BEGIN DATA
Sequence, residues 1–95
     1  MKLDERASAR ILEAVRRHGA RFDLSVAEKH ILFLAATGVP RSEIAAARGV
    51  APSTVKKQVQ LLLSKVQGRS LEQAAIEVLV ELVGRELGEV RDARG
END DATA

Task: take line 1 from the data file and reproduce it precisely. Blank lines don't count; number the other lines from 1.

Sequence, residues 1–95